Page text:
label  levels  No  Yes  OR (univariable)  OR (multivariable)  OR (multivariable reduced) 

Ulcerated tumour  Absent  105 (91.3)  10 (8.7) 



Present  55 (61.1)  35 (38.9)  6.68 (3.1815.18, p<0.001)  3.26 (1.358.39, p=0.011)  4.00 (0.1841.34, p=0.274)  
Tstage  T1  52 (92.9)  4 (7.1) 



T2  49 (92.5)  4 (7.5)  1.06 (0.244.71, p=0.936)  0.75 (0.163.45, p=0.700)  0.94 (0.125.97, p=0.949)  
T3  36 (70.6)  15 (29.4)  5.42 (1.8020.22, p=0.005)  2.96 (0.8611.96, p=0.098)  3.76 (0.7620.80, p=0.104)  
T4  23 (51.1)  22 (48.9)  12.43 (4.2146.26, p<0.001)  5.33 (1.4822.56, p=0.014)  2.67 (0.1225.11, p=0.426)  
UlcerPresent:T2  Interaction 




0.57 (0.0221.55, p=0.730) 
UlcerPresent:T3  Interaction 




0.62 (0.0417.39, p=0.735) 
UlcerPresent:T4  Interaction 




1.85 (0.0994.20, p=0.716) 
There are no significant interaction terms.
Our final model table is therefore:
library(finalfit)
dependent < "mort_5yr"
explanatory < c("ulcer.factor", "age.factor",
"sex.factor", "t_stage.factor")
explanatory_multi < c("ulcer.factor", "t_stage.factor")
melanoma %>%
finalfit(dependent, explanatory, explanatory_multi, metrics = TRUE)
Dependent: 5year survival  No  Yes  OR (univariable)  OR (multivariable)  

Ulcerated tumour  Absent  105 (91.3)  10 (8.7) 


Present  55 (61.1)  35 (38.9)  6.68 (3.1815.18, p<0.001)  3.26 (1.358.39, p=0.011)  
Age (years)  (0,25]  10 (71.4)  4 (28.6) 


(25,50]  62 (84.9)  11 (15.1)  0.44 (0.121.84, p=0.229)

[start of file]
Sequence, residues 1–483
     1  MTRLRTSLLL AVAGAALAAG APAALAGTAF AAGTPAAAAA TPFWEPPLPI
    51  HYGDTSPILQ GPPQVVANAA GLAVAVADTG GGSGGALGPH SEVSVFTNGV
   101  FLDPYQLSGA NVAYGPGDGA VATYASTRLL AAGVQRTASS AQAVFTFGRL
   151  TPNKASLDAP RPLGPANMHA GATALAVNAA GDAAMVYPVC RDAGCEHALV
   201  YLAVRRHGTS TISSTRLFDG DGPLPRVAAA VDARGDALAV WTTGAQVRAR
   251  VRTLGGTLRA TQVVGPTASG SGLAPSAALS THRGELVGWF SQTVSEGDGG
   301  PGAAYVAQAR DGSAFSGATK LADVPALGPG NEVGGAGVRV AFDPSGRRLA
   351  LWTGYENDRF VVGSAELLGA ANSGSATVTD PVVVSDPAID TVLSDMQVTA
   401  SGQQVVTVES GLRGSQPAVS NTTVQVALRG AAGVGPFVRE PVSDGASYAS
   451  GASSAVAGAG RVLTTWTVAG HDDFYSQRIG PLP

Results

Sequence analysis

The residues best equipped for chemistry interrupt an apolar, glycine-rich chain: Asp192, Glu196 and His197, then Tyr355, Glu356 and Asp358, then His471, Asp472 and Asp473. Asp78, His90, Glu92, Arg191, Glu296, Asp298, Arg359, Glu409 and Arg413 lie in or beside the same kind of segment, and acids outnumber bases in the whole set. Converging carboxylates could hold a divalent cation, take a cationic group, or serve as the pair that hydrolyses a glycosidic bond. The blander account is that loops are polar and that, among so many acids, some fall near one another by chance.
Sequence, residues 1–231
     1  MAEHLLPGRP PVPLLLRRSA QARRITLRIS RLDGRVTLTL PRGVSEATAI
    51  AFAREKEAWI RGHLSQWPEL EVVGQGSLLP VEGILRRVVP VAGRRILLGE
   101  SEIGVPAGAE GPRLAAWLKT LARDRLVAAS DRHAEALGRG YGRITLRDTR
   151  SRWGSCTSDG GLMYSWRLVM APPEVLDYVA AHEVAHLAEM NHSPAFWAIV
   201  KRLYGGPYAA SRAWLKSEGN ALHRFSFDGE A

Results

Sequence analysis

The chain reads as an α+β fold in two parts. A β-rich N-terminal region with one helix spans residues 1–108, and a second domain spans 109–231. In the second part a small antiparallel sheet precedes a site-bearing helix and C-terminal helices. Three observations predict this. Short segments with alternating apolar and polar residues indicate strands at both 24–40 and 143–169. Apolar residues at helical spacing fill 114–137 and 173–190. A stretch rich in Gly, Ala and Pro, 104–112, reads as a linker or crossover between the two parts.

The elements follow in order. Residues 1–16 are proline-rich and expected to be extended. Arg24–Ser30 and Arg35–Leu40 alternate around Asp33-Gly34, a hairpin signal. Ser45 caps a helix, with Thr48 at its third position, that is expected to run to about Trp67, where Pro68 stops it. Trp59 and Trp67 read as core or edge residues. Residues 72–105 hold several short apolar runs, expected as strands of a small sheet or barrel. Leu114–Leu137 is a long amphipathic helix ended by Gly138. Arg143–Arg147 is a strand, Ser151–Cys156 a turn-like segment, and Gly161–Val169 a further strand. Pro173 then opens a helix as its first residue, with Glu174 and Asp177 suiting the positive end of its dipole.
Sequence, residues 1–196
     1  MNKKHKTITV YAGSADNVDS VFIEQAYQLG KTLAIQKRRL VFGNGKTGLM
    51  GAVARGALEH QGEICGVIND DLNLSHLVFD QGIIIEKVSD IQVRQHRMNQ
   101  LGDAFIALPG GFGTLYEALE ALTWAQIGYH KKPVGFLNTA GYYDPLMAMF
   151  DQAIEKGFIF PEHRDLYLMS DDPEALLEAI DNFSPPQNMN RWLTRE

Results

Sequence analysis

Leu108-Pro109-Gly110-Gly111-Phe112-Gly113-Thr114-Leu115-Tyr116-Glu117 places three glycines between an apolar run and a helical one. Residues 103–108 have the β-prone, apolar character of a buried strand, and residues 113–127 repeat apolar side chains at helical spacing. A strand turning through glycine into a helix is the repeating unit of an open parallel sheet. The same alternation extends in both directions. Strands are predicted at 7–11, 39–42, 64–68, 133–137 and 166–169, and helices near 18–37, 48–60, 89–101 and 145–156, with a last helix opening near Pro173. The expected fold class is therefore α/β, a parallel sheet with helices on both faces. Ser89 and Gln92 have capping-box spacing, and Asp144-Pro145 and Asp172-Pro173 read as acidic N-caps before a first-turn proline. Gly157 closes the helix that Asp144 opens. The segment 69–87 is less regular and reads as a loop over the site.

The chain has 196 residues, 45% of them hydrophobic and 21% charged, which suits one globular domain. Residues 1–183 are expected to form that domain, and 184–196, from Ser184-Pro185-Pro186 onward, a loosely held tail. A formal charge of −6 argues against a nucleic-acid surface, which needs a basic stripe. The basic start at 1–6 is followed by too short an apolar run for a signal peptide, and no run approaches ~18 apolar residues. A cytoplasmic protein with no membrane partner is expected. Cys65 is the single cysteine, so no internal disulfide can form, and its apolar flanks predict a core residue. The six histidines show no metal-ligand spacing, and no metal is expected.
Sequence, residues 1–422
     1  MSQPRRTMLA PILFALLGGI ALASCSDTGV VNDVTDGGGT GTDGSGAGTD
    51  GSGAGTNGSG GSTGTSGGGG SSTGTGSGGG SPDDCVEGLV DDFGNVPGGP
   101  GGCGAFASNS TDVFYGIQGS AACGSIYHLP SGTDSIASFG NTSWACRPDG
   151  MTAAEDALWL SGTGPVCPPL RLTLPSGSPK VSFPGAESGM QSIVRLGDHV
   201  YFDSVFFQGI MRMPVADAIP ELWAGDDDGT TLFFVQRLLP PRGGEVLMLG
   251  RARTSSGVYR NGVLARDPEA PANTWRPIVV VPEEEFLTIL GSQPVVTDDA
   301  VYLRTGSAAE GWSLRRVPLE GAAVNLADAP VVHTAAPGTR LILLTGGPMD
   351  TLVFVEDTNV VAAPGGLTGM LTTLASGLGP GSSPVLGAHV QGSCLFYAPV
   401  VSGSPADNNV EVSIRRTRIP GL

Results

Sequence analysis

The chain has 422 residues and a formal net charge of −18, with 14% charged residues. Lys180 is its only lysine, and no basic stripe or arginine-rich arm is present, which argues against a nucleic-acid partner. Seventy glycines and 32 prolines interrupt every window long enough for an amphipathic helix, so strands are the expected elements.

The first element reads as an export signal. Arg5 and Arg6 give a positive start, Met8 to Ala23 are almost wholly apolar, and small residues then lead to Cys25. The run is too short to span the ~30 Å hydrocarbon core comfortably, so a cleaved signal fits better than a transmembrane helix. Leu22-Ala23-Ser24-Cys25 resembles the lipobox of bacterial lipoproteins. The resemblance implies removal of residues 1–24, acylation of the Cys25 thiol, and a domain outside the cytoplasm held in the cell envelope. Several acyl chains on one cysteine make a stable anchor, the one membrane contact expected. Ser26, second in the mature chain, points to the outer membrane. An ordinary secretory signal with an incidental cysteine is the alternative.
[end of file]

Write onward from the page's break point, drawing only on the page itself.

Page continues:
(50,75]  79 (76.0)  25 (24.0)  0.79 (0.243.08, p=0.712) 


(75,100]  9 (64.3)  5 (35.7)  1.39 (0.287.23, p=0.686) 


Sex  Female  105 (83.3)  21 (16.7) 


Male  55 (69.6)  24 (30.4)  2.18 (1.124.30, p=0.023) 


Tstage  T1  52 (92.9)  4 (7.1) 


T2  49 (92.5)  4 (7.5)  1.06 (0.244.71, p=0.936)  0.75 (0.163.45, p=0.700)  
T3  36 (70.6)  15 (29.4)  5.42 (1.8020.22, p=0.005)  2.96 (0.8611.96, p=0.098)  
T4  23 (51.1)  22 (48.9)  12.43 (4.2146.26, p<0.001)  5.33 (1.4822.56, p=0.014) 
Number in dataframe = 205, Number in model = 205, Missing = 0, AIC = 184.4, Cstatistic = 0.791, H&L = Chisq(8) 0.43 (p=1.000) 
9.8.1 Odds ratio plot
dependent < "mort_5yr"
explanatory_multi < c("ulcer.factor", "t_stage.factor")
melanoma %>%
or_plot(dependent, explanatory_multi,
breaks = c(0.5, 1, 2, 5, 10, 25),
table_text_size = 3.5,
title_text_size = 16)
## Warning: Removed 2 rows containing missing values (geom_errorbarh).
We can conclude that there is evidence of an association between tumour ulceration and 5year survival which is independent of the tumour depth as captured by Tstage.